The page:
Mark Houlahan
Tech Editor, Mustang Monthly
April 1, 2007
You won't be working on all of your wiring directly on the chassis, so have a workbench with plenty of room available. Better yet, use a folding card table that you can set up right next to your project so you'll have plenty of room for spools of convolute, harness tape, tie-wraps, and more.

If you've been following our online Web diary, you've likely seen several weeks of diary entries where we mentioned various sections of the wiring portion of our project. Wiring can be a daunting task for even seasoned automotive wrench turners. There's a big difference between bolting on a brake caliper and determining the proper gauge of wiring to use for an alternator circuit. Having the proper circuit protection, gauge of wiring, and harness routing is imperative to a safely wired project that will not give you problems down the road.

Be prepared to spend a fair amount of time in the wiring phase as much of the installation locations for the electrical items (starter solenoid, fuse box, gauges, and so on) are your decision, and you must factor in functionality, wire length, and future access before drilling a single hole. There were times when we literally stood staring at the frame with a part in hand for half an hour, trying to determine where it would fit best.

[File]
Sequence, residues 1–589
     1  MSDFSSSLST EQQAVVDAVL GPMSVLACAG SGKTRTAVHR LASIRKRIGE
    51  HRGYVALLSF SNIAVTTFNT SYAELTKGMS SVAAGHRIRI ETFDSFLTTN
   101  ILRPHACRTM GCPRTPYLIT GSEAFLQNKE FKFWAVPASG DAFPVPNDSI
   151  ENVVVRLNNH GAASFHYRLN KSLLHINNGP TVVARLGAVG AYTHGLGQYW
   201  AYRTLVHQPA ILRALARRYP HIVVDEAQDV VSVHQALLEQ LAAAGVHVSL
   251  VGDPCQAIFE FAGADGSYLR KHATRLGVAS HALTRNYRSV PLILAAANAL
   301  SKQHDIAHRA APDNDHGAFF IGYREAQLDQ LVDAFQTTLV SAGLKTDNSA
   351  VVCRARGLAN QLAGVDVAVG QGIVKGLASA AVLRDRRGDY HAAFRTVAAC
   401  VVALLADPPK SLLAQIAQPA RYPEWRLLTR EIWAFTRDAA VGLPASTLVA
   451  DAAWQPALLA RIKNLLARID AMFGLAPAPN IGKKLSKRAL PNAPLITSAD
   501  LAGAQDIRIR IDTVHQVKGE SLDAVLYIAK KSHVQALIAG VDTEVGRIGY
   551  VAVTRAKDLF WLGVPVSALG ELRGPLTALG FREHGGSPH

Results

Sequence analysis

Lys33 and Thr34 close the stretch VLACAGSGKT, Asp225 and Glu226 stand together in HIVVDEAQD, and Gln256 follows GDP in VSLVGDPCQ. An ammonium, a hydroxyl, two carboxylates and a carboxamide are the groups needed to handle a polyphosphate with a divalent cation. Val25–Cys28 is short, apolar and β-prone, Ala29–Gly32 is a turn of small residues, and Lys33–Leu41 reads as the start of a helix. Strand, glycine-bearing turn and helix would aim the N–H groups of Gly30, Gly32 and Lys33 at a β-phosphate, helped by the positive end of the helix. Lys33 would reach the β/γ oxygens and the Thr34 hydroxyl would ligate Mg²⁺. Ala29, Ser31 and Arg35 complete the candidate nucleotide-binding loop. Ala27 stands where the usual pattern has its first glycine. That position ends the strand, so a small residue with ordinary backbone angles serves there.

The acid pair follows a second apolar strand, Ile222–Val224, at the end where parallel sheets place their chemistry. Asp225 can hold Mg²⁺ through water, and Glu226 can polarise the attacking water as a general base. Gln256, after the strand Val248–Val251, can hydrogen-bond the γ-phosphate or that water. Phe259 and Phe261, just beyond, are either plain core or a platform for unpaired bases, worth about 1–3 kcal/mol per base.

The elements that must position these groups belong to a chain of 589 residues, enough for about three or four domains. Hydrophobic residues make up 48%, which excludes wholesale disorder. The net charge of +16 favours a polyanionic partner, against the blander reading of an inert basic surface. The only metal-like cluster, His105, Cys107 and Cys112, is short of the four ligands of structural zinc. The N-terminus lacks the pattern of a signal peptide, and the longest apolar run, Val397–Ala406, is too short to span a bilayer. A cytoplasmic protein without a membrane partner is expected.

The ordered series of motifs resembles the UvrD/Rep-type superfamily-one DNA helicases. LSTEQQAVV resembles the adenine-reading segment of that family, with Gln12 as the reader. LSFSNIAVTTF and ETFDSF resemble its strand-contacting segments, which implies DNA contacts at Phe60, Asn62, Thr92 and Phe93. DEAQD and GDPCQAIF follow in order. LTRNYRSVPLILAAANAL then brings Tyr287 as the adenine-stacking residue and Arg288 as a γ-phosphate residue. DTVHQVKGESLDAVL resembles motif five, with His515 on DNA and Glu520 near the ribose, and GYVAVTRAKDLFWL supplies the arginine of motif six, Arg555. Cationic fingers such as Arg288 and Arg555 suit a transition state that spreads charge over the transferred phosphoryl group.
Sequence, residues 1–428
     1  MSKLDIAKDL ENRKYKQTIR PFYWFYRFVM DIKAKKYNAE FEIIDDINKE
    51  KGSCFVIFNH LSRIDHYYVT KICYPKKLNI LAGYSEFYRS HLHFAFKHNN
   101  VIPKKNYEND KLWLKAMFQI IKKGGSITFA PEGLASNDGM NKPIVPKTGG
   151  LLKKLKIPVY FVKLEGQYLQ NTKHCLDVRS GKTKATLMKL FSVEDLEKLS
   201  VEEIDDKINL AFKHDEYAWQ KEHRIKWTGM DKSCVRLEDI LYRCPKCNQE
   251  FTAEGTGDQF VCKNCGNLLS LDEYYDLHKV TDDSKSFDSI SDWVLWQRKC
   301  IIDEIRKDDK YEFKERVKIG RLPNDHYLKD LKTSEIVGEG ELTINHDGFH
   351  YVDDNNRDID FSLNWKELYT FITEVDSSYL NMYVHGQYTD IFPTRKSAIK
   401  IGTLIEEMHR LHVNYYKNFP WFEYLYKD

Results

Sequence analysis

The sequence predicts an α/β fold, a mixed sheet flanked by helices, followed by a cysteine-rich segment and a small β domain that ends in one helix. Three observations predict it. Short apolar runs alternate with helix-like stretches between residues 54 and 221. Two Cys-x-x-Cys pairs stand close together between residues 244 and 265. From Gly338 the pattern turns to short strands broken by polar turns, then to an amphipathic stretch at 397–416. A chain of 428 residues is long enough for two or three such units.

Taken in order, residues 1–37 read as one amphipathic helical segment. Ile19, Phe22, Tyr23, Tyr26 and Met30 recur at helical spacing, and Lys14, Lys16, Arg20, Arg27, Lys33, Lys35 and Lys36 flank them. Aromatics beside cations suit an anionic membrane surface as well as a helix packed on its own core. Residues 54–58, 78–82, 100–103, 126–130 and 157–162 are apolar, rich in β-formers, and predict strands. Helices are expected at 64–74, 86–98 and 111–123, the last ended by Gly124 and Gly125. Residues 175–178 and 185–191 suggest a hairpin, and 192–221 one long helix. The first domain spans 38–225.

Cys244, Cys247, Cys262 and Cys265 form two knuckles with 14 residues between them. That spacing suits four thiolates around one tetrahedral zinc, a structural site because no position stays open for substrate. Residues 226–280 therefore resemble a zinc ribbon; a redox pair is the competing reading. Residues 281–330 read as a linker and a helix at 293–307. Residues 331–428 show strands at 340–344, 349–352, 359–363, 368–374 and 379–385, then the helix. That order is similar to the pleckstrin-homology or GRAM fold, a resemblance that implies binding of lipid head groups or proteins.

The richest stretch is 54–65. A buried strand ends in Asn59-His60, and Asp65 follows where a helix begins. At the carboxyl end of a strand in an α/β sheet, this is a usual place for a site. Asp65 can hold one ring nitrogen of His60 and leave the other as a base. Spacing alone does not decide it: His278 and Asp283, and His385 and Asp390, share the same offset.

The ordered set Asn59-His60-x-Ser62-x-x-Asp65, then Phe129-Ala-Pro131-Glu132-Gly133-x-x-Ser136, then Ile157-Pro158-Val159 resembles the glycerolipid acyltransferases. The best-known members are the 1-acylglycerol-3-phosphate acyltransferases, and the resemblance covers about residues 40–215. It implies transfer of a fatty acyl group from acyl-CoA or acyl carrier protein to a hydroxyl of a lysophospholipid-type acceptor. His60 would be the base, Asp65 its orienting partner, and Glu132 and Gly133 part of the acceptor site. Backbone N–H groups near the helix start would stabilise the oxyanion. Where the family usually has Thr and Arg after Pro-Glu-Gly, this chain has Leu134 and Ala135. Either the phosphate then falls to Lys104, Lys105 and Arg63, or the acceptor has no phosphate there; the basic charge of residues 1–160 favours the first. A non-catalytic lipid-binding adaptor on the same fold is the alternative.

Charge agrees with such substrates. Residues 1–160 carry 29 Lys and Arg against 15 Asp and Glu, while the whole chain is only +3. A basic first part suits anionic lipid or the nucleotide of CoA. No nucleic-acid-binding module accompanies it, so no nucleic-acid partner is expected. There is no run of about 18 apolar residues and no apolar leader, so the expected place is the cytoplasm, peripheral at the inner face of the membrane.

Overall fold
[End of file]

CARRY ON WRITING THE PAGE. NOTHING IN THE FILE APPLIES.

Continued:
The Factory Five Racing Roadster kit is designed to use the original wiring harness and circuits/switches from a late-model Mustang. This was fine back in the late '90s when these Mustangs weren't that old, but now you're easily looking at 15-year-old wiring with brittle connectors-not to mention there's a lot of wiring on these donor harnesses that you won't use (such as power windows, power locks, and airbag). The newer the donor Mustang, the less this is a problem, although there will be more wiring to deal with.

A much cleaner alternative is an aftermarket wiring harness. FFR sells one for those using a carburetor instead of fuel injection on their cars. Since we are not using any donor parts, we had FFR send us its carb-wiring kit along with our project. Between the FFR harness and the EFI harness that came with our Mass-Flo EFI system, 100 percent of the car's wiring is new, with the proper wiring size and connectors ready to go out of the box.

The wiring aspect of the project requires a few specialty tools. You'll want to have a good soldering iron/gun and crimping/cutting pliers to make solid connections. If you intend to use any specialty wiring connectors, then you'll need the proper crimper for those terminals as well. We plan to use MSD Weathertight connectors for any exterior connections (lights, fuel pump, and so on) and MSD Deutsch connectors to make the dash panel removable for future service/repairs. Both of these wiring terminals take their own style of crimper, but MSD offers a crimping tool with replaceable jaws that will work with all sorts of special connectors. A butane hand torch is convenient for heating and sealing shrink-wrap sleeving, and a simple DVOM (digital volt-ohm meter) is a must-have for verifying circuits as you plan and route your wiring.

With our wiring almost complete, we'll be moving on to the body soon, though we still have a few loose ends to tie up from earlier parts of the build.

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